Know the difference between a normal power outage and one that’s caused by an electromagnetic pulse or coronal mass ejection event.
Be sure to check out the videos I did that demonstrates shielding against a 50,000 watt AM signal, and the Surviving EMP Mini-Guide:
- The Preparedness Podcast Mini-Guide: Surviving EMP [Kindle Edition] ebook
- Testing Faraday shielding for EMP, part 1
- Testing Faraday shielding for EMP, part 2
- Testing Faraday shielding for EMP, part 3
Here are some quick and easy ways to tell if the power outage that just happened is caused by EMP, CME or a normal power outage.
Normal Power Outage: Outage maybe localized or widespread. All electric gear that runs on batteries will be working. Your cell phone should still work (cell towers have battery backups) and there will be radio stations on the air. There will be no trouble with vehicles.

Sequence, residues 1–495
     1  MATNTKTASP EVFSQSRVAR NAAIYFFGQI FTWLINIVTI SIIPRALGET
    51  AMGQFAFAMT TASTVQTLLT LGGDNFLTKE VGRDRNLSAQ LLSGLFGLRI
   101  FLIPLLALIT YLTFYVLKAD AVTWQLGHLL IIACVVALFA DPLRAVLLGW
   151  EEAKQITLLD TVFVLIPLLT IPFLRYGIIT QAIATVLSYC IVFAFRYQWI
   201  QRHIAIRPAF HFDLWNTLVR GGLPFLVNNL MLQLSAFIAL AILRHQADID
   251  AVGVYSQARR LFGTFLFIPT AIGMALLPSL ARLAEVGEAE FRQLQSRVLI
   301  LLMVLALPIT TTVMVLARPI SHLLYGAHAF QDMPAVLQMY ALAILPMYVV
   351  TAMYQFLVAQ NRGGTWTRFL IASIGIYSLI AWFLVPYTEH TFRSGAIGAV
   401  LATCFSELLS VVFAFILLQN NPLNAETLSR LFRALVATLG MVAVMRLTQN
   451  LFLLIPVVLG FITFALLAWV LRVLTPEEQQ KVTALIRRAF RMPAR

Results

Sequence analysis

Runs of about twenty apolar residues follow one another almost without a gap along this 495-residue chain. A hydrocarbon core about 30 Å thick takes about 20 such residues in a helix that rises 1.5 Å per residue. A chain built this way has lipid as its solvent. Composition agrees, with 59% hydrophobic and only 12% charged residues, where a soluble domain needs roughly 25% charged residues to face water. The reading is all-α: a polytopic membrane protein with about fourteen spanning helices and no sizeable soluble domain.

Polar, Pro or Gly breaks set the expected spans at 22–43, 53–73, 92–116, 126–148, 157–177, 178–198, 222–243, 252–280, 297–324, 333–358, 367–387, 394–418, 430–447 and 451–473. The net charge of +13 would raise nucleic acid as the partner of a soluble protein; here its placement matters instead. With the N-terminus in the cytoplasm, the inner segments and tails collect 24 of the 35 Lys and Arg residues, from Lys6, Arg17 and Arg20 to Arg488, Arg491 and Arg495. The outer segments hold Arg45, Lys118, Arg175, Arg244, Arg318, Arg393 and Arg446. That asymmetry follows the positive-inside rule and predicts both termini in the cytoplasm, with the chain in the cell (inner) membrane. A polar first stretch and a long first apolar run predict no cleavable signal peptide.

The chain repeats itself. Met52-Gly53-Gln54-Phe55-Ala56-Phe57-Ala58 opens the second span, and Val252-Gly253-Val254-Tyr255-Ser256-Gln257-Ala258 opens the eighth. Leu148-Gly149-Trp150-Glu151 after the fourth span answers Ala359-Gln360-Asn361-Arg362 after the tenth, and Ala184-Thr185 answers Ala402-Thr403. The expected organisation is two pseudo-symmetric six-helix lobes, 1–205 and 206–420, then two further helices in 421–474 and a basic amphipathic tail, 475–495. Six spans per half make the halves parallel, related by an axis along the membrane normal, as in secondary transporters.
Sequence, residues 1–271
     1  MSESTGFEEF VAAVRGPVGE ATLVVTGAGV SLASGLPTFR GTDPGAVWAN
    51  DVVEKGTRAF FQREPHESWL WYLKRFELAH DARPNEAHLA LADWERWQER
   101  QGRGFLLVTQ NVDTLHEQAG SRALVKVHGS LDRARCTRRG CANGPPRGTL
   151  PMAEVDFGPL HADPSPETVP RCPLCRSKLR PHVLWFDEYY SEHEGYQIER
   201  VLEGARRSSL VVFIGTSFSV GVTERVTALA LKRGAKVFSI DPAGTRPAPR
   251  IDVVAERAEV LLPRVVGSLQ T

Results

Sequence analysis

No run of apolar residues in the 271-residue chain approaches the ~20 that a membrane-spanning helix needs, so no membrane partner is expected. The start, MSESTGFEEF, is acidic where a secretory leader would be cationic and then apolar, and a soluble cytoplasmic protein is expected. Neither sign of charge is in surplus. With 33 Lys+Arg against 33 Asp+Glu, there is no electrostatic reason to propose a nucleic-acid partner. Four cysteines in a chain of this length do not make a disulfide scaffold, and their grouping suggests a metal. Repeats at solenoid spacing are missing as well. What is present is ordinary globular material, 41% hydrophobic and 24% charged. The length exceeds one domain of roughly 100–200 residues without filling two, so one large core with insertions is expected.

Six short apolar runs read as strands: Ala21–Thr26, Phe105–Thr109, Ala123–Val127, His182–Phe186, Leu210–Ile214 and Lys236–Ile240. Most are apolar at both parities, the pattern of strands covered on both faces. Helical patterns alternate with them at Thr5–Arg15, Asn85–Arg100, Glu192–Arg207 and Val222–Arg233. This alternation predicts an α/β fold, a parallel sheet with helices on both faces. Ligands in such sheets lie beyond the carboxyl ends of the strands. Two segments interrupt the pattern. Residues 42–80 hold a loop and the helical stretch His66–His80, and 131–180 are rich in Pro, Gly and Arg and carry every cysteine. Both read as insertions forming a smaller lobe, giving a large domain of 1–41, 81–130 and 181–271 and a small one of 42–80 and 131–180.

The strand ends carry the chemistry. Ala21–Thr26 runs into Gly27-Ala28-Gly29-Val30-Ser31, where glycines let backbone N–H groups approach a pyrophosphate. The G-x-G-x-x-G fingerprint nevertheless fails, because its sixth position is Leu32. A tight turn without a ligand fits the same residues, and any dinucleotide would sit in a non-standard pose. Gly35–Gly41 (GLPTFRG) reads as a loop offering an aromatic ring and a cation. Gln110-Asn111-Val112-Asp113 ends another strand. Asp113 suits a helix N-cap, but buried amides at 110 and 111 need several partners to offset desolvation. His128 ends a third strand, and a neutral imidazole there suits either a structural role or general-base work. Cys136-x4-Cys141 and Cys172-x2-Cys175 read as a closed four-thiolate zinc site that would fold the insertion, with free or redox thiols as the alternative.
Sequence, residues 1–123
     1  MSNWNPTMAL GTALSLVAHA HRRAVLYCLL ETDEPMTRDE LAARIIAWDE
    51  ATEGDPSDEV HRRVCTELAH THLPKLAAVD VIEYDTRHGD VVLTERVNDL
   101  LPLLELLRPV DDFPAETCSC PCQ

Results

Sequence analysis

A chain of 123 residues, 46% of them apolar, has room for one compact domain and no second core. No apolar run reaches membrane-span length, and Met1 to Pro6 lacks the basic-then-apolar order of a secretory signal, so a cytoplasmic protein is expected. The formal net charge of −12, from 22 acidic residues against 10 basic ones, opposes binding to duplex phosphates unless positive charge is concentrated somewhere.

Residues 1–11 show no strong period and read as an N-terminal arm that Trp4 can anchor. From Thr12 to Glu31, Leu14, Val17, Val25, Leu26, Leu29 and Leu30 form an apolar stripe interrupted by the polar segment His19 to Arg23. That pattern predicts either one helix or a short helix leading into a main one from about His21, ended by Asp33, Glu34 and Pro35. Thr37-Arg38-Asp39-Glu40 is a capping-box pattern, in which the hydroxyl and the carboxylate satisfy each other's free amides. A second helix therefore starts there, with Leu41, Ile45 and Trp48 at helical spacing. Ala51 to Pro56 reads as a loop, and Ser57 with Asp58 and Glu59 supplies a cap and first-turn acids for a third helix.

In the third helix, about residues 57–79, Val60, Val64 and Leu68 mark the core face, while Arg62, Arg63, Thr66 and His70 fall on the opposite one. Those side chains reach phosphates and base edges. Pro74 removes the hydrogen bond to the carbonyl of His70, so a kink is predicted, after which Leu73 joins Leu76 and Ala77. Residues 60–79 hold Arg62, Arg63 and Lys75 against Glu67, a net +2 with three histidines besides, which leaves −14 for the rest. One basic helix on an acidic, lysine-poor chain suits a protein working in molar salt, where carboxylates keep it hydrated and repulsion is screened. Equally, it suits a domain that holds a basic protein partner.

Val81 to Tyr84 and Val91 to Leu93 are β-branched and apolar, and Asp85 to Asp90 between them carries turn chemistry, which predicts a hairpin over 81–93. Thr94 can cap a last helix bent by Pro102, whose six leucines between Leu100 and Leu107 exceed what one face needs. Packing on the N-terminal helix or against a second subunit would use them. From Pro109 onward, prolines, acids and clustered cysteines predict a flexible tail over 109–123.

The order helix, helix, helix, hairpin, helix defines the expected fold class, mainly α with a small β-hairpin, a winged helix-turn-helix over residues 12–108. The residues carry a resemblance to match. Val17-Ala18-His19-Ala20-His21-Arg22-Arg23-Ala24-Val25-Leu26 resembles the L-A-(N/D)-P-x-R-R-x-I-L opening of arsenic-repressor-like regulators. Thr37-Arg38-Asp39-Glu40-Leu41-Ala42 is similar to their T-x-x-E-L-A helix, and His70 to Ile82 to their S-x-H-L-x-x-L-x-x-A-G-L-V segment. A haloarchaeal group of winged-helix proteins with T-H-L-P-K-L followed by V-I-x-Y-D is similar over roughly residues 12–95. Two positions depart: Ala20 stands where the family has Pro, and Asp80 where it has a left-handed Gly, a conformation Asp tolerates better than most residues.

CME Induced: Widespread power outage. Most electronics are still working, though some connected to the power grid might have fried. No vehicles are having problems. All or nearly all radio stations are off the air due to the voltage that was induced into their power systems. Some stations may be able to get their backup generators working and start transmitting again, even if on their backup transmitter.
EMP Event: Total outage of power. All or most of your electronics don’t work. Cell phones are either inoperable or can’t get a signal. Lots of vehicles with problems dying or not starting. No radio stations on the air, assuming you have a radio that works to check with.
Be sure to check out the two-part podcast series on EMP and EMP Protection: